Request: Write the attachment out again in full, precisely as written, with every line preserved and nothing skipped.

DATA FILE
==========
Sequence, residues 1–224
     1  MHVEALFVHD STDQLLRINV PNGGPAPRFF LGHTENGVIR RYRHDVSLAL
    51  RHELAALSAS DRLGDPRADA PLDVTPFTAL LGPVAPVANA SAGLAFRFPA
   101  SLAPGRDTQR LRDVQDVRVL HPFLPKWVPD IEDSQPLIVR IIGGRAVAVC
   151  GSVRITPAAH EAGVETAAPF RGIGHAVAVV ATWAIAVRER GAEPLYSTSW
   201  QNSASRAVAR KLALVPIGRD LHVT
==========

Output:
Sequence, residues 1–224
     1  MHVEALFVHD STDQLLRINV PNGGPAPRFF LGHTENGVIR RYRHDVSLAL
    51  RHELAALSAS DRLGDPRADA PLDVTPFTAL LGPVAPVANA SAGLAFRFPA
   101  SLAPGRDTQR LRDVQDVRVL HPFLPKWVPD IEDSQPLIVR IIGGRAVAVC
   151  GSVRITPAAH EAGVETAAPF RGIGHAVAVV ATWAIAVRER GAEPLYSTSW
   201  QNSASRAVAR KLALVPIGRD LHVT